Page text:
In recent years, the most important development in the study of national security intelligence has been the effort by scholars to move beyond spy memoirs toward a rigorous application of research standards that address such questions as how nations gather and analyze information on threats and opportunities at home and abroad, and how and why they engage in covert action and counterintelligence operations. Important, as well, as least for democratic nations, has been the question of how to erect safeguards against the abuse of power by secret agencies, at home and abroad. Moreover, studies on intelligence are increasingly offering empirical data, testable hypotheses, and theoretical frameworks – the underpinnings of rigorous scholarly inquiry.4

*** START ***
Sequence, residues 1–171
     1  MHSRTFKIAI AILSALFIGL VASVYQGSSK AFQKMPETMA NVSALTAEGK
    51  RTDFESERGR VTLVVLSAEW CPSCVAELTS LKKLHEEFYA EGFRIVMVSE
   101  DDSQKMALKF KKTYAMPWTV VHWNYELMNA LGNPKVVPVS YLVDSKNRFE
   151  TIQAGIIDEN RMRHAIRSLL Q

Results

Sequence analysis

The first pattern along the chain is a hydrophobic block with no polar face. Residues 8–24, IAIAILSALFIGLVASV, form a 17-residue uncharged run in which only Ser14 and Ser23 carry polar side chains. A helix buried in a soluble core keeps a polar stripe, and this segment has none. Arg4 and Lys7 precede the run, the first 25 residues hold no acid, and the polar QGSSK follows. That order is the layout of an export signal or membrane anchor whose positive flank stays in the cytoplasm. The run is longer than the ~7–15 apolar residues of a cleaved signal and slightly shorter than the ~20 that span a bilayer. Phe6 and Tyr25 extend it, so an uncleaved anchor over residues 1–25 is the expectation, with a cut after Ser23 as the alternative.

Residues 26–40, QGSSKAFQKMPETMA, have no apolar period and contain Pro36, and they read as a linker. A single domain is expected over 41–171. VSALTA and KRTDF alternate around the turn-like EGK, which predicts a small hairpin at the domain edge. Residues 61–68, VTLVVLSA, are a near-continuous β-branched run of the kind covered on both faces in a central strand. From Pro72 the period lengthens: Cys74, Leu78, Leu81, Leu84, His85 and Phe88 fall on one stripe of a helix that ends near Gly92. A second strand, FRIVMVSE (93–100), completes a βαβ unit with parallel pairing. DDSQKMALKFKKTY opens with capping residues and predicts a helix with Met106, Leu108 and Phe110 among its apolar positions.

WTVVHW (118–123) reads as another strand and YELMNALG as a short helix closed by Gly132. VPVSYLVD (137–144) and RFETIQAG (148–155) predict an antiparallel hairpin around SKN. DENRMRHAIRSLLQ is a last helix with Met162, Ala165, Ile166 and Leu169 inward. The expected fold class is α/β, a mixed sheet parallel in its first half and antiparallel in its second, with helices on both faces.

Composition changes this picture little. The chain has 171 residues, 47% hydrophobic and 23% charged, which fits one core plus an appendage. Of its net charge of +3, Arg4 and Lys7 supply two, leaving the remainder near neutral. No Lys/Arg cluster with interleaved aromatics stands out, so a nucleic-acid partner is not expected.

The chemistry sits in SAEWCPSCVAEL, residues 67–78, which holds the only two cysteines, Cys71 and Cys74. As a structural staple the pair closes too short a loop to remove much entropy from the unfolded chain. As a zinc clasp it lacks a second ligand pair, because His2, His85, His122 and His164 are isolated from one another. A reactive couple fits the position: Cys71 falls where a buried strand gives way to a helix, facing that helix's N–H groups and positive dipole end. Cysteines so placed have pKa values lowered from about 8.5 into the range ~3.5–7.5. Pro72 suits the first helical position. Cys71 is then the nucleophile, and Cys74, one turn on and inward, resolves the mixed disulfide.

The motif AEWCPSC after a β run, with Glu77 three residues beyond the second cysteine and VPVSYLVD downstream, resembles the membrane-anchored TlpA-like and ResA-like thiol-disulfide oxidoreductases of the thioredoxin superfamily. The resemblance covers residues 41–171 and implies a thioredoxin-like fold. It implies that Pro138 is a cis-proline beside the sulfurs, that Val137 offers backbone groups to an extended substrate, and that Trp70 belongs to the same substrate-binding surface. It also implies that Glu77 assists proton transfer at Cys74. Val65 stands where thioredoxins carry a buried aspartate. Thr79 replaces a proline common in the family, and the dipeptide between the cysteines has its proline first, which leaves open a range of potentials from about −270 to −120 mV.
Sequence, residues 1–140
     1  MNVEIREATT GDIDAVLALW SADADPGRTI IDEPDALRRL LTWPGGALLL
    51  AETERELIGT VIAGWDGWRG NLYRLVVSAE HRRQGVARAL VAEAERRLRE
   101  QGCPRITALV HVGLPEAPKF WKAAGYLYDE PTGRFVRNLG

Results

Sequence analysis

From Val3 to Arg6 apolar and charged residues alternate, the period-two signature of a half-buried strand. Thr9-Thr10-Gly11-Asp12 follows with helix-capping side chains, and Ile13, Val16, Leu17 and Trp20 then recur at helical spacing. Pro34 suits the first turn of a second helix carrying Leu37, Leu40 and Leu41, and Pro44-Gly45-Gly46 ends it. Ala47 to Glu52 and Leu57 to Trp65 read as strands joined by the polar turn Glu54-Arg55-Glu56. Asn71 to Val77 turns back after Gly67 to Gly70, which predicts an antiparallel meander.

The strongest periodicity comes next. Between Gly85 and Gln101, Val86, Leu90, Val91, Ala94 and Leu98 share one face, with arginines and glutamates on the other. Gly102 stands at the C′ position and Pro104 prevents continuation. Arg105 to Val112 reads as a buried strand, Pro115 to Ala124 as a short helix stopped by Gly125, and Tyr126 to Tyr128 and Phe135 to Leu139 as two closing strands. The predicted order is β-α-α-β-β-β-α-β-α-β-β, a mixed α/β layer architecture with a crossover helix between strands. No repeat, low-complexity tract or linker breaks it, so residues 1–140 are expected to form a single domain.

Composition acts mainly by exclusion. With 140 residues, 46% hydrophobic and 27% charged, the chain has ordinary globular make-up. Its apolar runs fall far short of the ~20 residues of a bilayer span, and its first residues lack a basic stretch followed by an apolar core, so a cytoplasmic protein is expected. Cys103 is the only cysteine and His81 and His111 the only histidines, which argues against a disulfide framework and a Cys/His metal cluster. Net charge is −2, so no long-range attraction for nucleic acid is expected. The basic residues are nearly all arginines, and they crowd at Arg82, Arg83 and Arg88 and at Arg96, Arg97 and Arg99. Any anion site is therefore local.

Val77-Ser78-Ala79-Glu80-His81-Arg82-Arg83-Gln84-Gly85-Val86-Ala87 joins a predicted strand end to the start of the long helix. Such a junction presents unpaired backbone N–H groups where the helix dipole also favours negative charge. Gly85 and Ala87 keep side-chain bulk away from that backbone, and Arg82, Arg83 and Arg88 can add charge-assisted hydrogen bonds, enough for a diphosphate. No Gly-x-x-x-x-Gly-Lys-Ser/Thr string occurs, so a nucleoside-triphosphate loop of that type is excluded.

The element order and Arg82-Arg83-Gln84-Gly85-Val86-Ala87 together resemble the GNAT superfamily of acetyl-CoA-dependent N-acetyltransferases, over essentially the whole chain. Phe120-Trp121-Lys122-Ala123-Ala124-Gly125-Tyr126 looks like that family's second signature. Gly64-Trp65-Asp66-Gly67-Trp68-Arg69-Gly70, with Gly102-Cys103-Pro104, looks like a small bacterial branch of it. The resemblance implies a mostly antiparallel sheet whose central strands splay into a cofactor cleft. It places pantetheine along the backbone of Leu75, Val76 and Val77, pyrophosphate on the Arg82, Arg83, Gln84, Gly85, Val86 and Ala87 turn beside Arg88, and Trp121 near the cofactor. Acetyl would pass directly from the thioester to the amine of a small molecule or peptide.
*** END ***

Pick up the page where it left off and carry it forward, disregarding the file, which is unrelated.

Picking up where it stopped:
Further, scholars in the field have been conducting in-depth interviews with intelligence practitioners, and have benefited in addition from the extensive number of intelligence documents released by governments in recent decades. Among these documents are, for example, in the United States: the Church Committee Report in 1975–6 (on domestic spying, covert action, and secret assassination plots); the Aspin–Brown Commission Report in 1996 (on counterintelligence and, more broadly, the state of U.S. intelligence after the Cold War); the Kean Commission Report in 2004 (on the 9/11 intelligence failures); and the Silberman–Robb Commission in 2005 (on WMD in Iraq). In the United Kingdom, the list of valuable new government reports includes the House of Commons Select Committee on Foreign Affairs Report and the Intelligence and Security Committee Report (both in 2003), as well as the Butler Report and the Hutton Report (both in 2004) and the Chilcot Committee (2010), with its report published in 2016 – all of which examined the flawed aspects of British intelligence reporting on WMD in Iraq prior to the outbreak of war in 2003. In Canada, the McDonald Commission Report on domestic intelligence abuse is another valuable source for intelligence researchers (1981).